In Tanzania, when you become a mother, your name changes. You might have been called Nipaeli all your life, but when your child is born, you become “Mama Joanna,” after your daughter. It’s an indicator of transition. You’ve evolved beyond yourself.
In motherhood, the axis of your world shifts. To love so wholly is life’s greatest gift. It also means you can never give up. You learn what you are truly capable of when you have a child completely dependent on you. And each mother of the Women’s Water Initiative team has been there.
The women all want a different life for their children than what they had. Circumstances of birth, marriage and misfortune narrowed their possibilities until the gift of clean water opened them up and allowed them to dream. Each was first a recipient of a rainwater harvesting tank.
If the walk for water takes you away from your children up to ten hours a day, clean water at home lets you be the mother you want to be.
New path, new dreams
From Anna‘s slender grace and her soft-spoken gentleness, you’d never guess at her grit. In a sense, she’s been a mother all her life. Her own died when she was young, and she raised her siblings. When the man she married turned out to be an abusive alcoholic, she took her seven children and fled for their lives. She had nothing and nowhere to escape to, but she knew she somehow had to get her children to a better place.
When Jonathan was born with cerebral palsy, Nipaeli‘s husband abandoned them. She was heartbreakingly isolated and at the end of her resources when Save the Rain met her. Having clean water meant she didn’t have to leave Jonathan anymore. Nipaeli knew what terrible damage the fluoride-heavy groundwater could do to the body. She shudders to imagine compromising Jonathan’s precious health.
“Because of the tank, he can walk,” she says. It’s that simple. Of course, it’s not just the tank. She has poured so much love into this little boy. She smiles as she watches her children in the garden. Jonathan arches his head back to grin at his sister Joanna who’s helping him push his walker.
A beautiful old tree shades Elieshi‘s garden. She recalls holding her kids tightly as the rain poured into their house. Her husband died of malaria just after their sixth child was born. Suddenly the sole provider, fetching water, came second to finding enough to eat. Though those hungry days are gone, Elieshi is still thin but not frail. Life stripped away the padding that would soften blows and whittled her down to her essential self. It’s been a challenging process, but she stands proudly in who she is now.
She gathers her boys close while clean school uniforms flutter on the line. Elieshi affixed flower pots converted from old plastic water bottles to the tree. Their bright pink flowers are a beautiful sign of a life that’s finally been allowed to bloom.
‘My mother’s my hero’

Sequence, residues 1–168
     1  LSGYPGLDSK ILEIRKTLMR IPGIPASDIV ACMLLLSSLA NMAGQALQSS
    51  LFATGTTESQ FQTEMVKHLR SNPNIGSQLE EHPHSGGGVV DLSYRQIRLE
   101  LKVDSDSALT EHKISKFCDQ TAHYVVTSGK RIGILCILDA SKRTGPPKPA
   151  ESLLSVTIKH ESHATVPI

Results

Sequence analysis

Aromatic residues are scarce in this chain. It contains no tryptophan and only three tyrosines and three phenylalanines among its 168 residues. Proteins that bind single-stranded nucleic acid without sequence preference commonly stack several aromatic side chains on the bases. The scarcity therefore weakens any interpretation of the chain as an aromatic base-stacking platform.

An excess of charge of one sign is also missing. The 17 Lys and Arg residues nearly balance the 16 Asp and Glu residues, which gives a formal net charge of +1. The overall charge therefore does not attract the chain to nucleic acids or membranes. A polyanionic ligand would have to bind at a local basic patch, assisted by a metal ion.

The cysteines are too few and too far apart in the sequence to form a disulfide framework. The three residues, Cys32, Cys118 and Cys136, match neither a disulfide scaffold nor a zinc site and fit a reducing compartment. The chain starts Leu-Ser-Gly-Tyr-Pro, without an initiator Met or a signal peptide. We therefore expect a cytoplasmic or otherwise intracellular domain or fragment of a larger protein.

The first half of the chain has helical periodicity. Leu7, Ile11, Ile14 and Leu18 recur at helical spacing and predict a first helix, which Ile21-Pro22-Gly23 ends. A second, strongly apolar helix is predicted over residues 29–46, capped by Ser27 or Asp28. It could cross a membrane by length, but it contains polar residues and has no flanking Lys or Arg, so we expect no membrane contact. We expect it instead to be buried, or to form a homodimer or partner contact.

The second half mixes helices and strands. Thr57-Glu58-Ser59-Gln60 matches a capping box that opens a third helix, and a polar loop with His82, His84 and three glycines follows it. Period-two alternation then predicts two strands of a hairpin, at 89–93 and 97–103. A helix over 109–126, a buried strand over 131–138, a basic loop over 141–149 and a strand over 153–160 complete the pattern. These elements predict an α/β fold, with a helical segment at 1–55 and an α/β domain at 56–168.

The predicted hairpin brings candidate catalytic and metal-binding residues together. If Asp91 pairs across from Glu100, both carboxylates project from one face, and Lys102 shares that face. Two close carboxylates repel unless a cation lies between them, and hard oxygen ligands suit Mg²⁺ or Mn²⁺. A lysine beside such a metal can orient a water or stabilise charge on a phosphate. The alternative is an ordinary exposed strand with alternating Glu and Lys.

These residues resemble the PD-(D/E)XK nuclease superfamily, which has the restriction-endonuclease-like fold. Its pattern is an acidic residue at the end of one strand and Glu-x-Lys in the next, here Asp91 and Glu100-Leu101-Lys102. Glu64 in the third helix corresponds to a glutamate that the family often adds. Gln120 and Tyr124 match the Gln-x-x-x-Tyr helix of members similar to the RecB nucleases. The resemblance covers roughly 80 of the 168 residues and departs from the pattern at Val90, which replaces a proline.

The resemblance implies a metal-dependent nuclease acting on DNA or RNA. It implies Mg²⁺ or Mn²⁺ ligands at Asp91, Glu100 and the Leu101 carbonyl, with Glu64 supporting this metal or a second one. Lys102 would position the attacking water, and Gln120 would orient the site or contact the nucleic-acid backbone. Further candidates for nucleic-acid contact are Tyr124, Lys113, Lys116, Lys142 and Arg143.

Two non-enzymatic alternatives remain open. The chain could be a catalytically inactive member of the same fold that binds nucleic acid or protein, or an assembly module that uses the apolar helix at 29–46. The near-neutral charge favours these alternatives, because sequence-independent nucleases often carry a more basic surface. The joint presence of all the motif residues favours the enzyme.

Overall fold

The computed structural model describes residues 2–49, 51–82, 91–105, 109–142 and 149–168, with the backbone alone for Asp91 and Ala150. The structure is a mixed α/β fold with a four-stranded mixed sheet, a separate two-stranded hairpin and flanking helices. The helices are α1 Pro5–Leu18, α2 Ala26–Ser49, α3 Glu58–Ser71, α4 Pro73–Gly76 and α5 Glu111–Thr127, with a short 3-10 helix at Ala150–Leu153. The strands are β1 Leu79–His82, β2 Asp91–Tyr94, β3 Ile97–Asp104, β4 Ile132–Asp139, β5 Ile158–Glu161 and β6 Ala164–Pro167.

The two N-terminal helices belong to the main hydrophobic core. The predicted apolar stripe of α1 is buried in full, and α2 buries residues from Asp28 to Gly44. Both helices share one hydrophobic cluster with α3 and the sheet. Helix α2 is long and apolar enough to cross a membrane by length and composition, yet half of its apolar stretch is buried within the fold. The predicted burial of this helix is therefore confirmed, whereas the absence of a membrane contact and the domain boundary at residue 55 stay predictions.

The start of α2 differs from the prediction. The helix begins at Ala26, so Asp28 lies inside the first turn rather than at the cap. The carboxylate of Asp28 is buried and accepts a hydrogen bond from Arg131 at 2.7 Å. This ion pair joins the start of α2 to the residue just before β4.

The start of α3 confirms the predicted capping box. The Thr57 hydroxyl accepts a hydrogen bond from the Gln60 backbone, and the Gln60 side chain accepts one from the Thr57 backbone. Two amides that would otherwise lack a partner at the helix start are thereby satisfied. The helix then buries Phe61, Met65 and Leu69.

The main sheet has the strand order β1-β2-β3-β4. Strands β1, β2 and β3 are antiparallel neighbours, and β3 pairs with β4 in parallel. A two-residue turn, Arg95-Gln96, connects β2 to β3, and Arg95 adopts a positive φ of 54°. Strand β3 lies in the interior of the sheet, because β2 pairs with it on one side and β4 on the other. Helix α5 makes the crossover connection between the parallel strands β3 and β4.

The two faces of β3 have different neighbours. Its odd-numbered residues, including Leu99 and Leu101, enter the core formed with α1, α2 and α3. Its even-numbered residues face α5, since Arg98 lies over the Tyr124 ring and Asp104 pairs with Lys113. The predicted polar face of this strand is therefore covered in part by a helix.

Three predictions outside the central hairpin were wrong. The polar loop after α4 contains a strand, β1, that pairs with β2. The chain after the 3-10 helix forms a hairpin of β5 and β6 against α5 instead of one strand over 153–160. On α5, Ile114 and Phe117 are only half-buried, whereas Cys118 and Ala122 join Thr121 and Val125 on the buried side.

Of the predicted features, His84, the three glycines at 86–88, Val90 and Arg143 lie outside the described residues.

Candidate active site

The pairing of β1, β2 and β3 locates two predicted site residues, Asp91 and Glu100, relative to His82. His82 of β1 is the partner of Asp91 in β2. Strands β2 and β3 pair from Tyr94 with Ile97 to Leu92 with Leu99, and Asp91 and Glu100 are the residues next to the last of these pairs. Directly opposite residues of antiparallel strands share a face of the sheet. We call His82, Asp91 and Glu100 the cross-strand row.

For Lemna, the gift of water gave her independence. Her wide, ready smile and girlish energy belie the troubled path that brought her here. There was a time she thought it’d be better to be dead than to have these problems. Her husband kicked her out when she was pregnant with their third child. She fled, and her brothers helped her get back on her feet as Elias was born. Her debt of gratitude knows no bounds, but she didn’t want to be indebted to anyone.
When Save the Rain came to Maji ya Chai, Lemna didn’t hesitate to put her name forward for work. With her salary, she added a room to her house and brought a plot for farming. Last season the field yielded seven sacks of corn, she reports proudly. Elias, who is in secondary school now, remembers not having money for food. He wipes away a tear. “My mother’s my hero,” he says.
This sentiment is echoed by Anna’s son, who’s only in the 5th grade. When he’s big and has money, he’ll do anything to help his mom. If she gets sick, he’ll take her to the hospital. And he will buy her food if she’s hungry. He’s too little to be thinking like the man of the house. But he’s born witness to what his mother has done for them, and he loves her for it. He and Elias will be very different from their fathers– their mothers have shown them a woman’s worth.
This is Sophia‘s favorite phase of motherhood. Her kids are older and almost independent, apart from her youngest son, Daniel. There’s an ease in knowing that the work she’s done has laid the world at their feet. She smiles in love and contentment, hiding her fluoride-stained teeth with her hand. She can afford to count her blessings. Sophia sits in her garden surrounded by passion fruit on the floor and lush life all around. She has manifested a life of abundance. The sun is golden though the skies are heavy. Everything is green, and the wind playing in the corn leaves sounds just like raindrops.
Women Helping Women
One true blessing for each of these women is the family they’ve found among the women they work alongside. Shoulder to shoulder, sharing sweat and laughter, they share their problems too. The loneliness dissolves, and there are more hands to help bear the load. Every woman they build a tank for is in a place they were once in. They’re lifting her up and out. The oldest tank is just as good as the one built yesterday, and clean water brings gifts that will continue to give for generations to come. And the greatest gift is rain from Mother Earth.
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